Timelord007 (The Eccentric Wanderer) - See all my reviews
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Watchmen -Directors Cut (1 Disc Blu-ray edition).

Blu-ray Info.
Format: Dolby
Language: English
Region: B/2
Ratio 16:9/2:35.1
Number of discs: 1
Classification: 18
Running Time: 186 minutes

Blu-ray Quality.
Picture-9, sharp clear vibrant picture, the visuals of the movie look amazing.
Sound-9, clear sharp HD Master sound that adds great atmosphere to the movie especially if you have a multi speaker set up.

Box Office.
Budget $130 million
Box office $185,258,983

Malin Åkerman as Laurie Juspeczyk / Silk Spectre II:
Billy Crudup as Jon Osterman / Dr. Manhattan
Matthew Goode as Adrian Veidt / Ozymandias
Carla Gugino as Sally Jupiter / Silk Spectre
Jackie Earle Haley as Walter Kovacs / Rorschach
Jeffrey Dean Morgan as Edward Blake / The Comedian
Patrick Wilson as Daniel Dreiberg / Nite Owl II
Matt Frewer as Moloch
Robert Wisden as President Richard Nixon

1)In the beginning, during the opening credits, we see the original Nite Owl I stop a thief. There are Batman/Fledermaus posters hanging on the wall of the alley. We can assume the people he rescues are Mr. & Mrs. Wayne, the parents of Batman, coming out of the theatre. Thus, there's no need for Bruce Wayne to become Batman in the Watchmen's Universe.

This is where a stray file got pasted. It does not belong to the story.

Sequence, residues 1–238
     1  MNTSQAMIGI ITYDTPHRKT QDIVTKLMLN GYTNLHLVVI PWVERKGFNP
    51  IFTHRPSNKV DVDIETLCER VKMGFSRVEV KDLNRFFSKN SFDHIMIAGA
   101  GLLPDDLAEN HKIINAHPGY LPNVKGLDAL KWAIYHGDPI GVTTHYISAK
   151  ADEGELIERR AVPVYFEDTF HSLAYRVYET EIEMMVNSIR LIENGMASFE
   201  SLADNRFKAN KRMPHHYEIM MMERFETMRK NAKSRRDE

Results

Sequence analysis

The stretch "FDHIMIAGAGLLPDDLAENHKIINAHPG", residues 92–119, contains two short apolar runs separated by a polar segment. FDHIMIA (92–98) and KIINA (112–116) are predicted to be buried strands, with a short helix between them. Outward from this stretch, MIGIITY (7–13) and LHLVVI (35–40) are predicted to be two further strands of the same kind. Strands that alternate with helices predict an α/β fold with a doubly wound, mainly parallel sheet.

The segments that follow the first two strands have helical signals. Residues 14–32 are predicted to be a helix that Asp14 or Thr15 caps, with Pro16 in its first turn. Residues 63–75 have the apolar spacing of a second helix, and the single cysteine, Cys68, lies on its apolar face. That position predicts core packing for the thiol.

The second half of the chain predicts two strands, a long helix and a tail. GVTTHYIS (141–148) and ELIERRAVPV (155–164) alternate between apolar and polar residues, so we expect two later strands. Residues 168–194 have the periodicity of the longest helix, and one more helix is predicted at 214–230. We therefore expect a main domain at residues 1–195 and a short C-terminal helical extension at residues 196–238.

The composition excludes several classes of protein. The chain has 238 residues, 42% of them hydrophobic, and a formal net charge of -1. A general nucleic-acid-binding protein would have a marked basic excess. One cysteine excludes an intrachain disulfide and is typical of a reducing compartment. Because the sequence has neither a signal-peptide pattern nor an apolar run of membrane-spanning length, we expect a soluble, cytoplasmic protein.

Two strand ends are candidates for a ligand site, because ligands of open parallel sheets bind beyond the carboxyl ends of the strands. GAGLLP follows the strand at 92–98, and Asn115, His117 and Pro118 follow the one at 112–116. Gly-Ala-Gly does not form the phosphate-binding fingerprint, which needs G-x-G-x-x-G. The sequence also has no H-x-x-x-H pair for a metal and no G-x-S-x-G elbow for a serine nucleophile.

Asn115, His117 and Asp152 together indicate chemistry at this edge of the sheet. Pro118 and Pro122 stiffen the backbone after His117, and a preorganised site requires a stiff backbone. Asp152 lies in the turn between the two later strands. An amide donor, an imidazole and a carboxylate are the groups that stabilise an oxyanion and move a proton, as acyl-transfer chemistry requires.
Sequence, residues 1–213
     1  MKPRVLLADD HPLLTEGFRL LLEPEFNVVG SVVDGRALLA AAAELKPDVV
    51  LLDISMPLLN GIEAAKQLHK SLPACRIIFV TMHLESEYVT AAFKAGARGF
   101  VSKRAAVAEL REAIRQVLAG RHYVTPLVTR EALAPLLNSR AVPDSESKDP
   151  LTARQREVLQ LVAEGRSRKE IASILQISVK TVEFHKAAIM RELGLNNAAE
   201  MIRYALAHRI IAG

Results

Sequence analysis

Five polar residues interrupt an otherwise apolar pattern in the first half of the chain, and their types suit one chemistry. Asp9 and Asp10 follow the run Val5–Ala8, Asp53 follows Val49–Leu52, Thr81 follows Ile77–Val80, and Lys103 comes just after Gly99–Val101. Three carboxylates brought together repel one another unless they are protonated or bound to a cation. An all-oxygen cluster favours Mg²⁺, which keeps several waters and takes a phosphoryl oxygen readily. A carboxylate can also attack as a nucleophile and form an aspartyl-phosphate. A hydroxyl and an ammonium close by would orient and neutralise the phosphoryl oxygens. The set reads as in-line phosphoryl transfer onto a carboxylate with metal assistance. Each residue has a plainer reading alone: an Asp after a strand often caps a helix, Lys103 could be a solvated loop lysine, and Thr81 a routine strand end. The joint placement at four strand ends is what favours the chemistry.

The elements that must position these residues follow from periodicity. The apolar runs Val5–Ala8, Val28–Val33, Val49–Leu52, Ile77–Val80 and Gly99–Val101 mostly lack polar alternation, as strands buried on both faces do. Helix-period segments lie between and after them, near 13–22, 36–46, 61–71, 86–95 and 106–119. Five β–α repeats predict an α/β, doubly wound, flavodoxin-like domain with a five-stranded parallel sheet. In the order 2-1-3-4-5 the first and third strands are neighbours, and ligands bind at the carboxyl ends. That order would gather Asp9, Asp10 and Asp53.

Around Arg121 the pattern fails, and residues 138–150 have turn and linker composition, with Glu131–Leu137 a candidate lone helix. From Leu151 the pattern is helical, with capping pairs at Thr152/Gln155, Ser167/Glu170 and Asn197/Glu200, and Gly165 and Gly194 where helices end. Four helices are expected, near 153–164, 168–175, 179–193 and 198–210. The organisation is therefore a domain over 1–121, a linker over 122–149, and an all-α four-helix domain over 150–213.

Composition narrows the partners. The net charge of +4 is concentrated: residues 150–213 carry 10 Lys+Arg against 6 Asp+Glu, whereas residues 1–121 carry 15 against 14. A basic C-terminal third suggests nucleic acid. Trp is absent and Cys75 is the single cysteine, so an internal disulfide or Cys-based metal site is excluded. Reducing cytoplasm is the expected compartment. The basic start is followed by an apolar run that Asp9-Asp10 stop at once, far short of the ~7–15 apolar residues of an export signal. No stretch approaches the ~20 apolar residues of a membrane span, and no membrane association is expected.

2)All of the U.S. flags in the film have 51 stars, because in the film's alternate history, Vietnam became the 51st state after America won the Vietnam War.
3)Director Zack Snyder features in the extended cut, as a U.S. soldier during the Vietnam Battle. He is on the chopper with the Comedian.
4)Zack Snyder' wanted to cast his 300 (2006) star Gerard Butler in this film & even promised him a role. When all the roles were cast & Butler didn't have one, Snyder cast him in Tales of the Black Freighter (2009), which is based on the comic-within-a-comic from the Watchmen graphic novel.
5)Of all the Watchmen, Rorschach & Dr. Manhattan are the only two that never curse.
6)Jeffrey Dean Morgan plays Edward Morgan Blake, the Comedian. Morgan initially turned down the role after reading the first 3 pages of the script, assuming the character was only a cameo. His agent persuaded him to read the entire script & then make a decision.
7)Matt Frewer is better known for playing 80's virtual reality star Max Headroom.

What's The Story.
Watchmen is set in an alternate 1985 America in which costumed superheroes are part of the fabric of everyday society as the Doomsday Clock which charts the USA's tension with the Soviet Union is permanently set at five minutes to midnight.

When one of his former colleagues The Comedian is murdered, the washed up but no less determined masked vigilante Rorschach sets out to uncover a plot to kill & discredit all past and present superheroes, As Rorschach reconnects with his former crime-fighting legion a ragtag group of retired superheroes, only one of whom has true superhuman powers, Rorschach glimpses a wide-ranging & disturbing conspiracy with links to their shared past & may have catastrophic consequences for the future of mankind.